Professor Tahseen Shams was recently featured in the first episode of Migrations: A World on the Move Podcast, titled Pandemics. In this episode, Professor Shams spoke with host Eleanor Paynter and guests Dr. Gunisha Kaur and Dr. Katie Fiorella on the topic of how the COVID-19 pandemic has shaped our understanding of borders and migration.
Professor Shams discussed the history of migrants being blamed for global epidemics, including the blaming of the Irish immigrants for cholera, Chinese immigrants for the bubonic plague, and Haitian refugees for AIDS. These narratives perpetuate fear of migrants in the U.S. society and justify border restrictions that hurt vulnerable immigrants, refugees and asylum seekers. Contrarily, immigrants and refugees rarely travel compared to frequent tourists and business travellers. This has shown its effects during the COVID-19 pandemic as cruise ships continued to sail for weeks and help spread coronavirus around the world.
Professor Tahseen Shams is an Assistant Professor of Sociology at the University of Toronto with teaching responsibilities on the St. George campus. Her research interests are in the areas of international migration, globalization, race/ethnicity, nationalism, and religion. Her book, Here, There, and Elsewhere: The Making of Immigrant Identities in a Globalized World was released earlier in 2020.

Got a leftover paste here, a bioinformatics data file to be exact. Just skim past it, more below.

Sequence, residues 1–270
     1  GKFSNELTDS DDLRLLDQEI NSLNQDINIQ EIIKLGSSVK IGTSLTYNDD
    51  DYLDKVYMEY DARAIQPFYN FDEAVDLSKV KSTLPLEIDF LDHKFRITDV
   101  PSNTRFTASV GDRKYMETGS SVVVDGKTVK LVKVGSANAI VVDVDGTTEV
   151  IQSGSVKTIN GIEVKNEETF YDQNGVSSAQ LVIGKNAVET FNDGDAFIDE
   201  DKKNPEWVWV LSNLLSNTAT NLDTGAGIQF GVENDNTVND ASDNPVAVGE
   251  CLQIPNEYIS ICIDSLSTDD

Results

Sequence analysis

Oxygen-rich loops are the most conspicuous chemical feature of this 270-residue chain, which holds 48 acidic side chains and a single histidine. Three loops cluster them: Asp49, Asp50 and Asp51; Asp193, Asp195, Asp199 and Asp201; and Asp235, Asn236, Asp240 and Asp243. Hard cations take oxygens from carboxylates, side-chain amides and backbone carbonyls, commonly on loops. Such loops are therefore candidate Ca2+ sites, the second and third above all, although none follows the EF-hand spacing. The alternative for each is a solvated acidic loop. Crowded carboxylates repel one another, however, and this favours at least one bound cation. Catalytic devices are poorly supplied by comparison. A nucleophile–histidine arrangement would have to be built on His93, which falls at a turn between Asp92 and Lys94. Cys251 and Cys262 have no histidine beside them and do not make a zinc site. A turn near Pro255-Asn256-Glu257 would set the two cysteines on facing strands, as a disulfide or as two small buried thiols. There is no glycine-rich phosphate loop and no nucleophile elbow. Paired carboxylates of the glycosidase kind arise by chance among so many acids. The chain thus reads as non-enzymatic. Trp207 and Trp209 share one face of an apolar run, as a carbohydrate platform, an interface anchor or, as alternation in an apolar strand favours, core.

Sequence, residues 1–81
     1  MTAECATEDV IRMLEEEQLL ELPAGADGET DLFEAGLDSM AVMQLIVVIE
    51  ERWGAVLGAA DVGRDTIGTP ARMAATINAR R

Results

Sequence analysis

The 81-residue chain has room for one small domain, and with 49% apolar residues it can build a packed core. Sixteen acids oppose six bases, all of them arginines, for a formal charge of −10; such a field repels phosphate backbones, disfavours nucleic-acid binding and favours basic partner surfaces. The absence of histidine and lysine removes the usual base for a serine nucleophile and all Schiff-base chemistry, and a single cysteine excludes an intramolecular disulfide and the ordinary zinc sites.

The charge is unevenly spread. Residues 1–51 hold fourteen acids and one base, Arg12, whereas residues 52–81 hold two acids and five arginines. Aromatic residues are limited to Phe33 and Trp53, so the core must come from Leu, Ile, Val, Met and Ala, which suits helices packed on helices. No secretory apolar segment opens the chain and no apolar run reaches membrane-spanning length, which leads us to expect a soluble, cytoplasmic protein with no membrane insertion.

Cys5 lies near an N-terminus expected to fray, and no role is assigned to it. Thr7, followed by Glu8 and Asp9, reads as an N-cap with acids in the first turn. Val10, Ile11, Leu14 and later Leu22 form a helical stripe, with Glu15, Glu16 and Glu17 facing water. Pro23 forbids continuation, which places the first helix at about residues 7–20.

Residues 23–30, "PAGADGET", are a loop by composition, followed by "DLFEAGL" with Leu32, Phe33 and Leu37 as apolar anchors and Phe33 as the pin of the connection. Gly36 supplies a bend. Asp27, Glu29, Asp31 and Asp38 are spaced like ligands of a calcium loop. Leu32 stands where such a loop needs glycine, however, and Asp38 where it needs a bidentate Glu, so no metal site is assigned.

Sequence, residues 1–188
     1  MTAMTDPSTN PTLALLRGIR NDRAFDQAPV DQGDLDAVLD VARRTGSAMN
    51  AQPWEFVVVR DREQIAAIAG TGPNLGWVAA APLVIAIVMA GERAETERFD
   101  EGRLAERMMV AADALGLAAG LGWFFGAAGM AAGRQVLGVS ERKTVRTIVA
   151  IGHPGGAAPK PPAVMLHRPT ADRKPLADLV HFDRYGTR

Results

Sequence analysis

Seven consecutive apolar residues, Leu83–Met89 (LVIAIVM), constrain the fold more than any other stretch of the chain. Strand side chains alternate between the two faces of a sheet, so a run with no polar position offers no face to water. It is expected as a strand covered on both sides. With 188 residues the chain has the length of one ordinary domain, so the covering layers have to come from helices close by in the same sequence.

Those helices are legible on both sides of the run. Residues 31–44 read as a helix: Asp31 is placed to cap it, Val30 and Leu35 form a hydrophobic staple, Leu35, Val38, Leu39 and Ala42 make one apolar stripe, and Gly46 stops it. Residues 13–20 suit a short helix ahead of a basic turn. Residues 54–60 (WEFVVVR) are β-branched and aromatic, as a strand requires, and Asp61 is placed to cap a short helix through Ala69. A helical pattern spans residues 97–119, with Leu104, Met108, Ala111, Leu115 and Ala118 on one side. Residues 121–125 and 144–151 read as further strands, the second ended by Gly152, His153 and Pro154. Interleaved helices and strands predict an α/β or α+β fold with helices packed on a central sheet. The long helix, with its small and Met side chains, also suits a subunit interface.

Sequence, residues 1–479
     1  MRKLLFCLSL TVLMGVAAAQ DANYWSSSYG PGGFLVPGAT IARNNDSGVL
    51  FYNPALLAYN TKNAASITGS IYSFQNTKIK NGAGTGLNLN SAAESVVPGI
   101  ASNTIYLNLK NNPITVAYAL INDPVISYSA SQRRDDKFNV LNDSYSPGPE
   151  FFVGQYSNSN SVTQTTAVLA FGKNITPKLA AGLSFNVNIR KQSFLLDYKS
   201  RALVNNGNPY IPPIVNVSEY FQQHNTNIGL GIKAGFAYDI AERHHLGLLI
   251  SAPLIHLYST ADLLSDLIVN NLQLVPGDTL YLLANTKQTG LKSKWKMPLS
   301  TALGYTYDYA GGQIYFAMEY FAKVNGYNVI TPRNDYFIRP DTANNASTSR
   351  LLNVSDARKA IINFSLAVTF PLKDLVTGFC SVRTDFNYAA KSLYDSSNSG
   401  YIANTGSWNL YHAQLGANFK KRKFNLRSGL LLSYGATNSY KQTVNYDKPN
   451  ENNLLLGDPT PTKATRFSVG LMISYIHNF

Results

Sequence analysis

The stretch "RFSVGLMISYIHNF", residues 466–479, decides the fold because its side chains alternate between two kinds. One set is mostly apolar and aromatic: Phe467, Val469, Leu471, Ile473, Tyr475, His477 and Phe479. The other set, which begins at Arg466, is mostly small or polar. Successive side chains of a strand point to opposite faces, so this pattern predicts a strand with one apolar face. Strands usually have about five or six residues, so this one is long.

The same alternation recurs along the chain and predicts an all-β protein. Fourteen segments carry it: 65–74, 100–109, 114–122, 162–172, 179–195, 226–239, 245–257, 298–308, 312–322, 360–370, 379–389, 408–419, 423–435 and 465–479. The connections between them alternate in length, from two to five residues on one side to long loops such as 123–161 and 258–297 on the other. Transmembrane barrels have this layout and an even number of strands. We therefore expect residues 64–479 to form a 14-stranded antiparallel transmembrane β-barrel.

We’ve included a transcript excerpt from Professor Tahseen Sham's discussion below. The complete episode, Pandemics, can be found on the Cornell University Migrations podcast.
Migrations: A Global Grand Challenge
Tahseen Shams: “The United States has, in fact, a long historical precedent in immigrant scaremongering in the face of global epidemics. Immigrants have been associated with diseases and have been perceived to threaten and contaminate the health of the American nation. We see, for instance, in the 1800s that Irish immigrants were blamed for bringing cholera to the United States. Italian immigrants for bringing polio and Jews for tuberculosis. In the 1900s, Chinese immigrants were similarly accused of spreading the bubonic plague. When the influx of Haitian refugees in the 1980s coincided with the AIDS epidemic, we saw that Haitians and Africans were blamed for the disease. Today in the context of the COVID-19 crisis, the coronavirus—having believed to originate in China—is feeding into pre-existing anti-Chinese racism. It's not something that suddenly has emerged because of the COVID-19 pandemic. And this is despite the fact that the virus that actually led to the outbreak in New York, which has had the largest U.S. death toll thus far, actually came from Europe.”
Listen to the full episode here…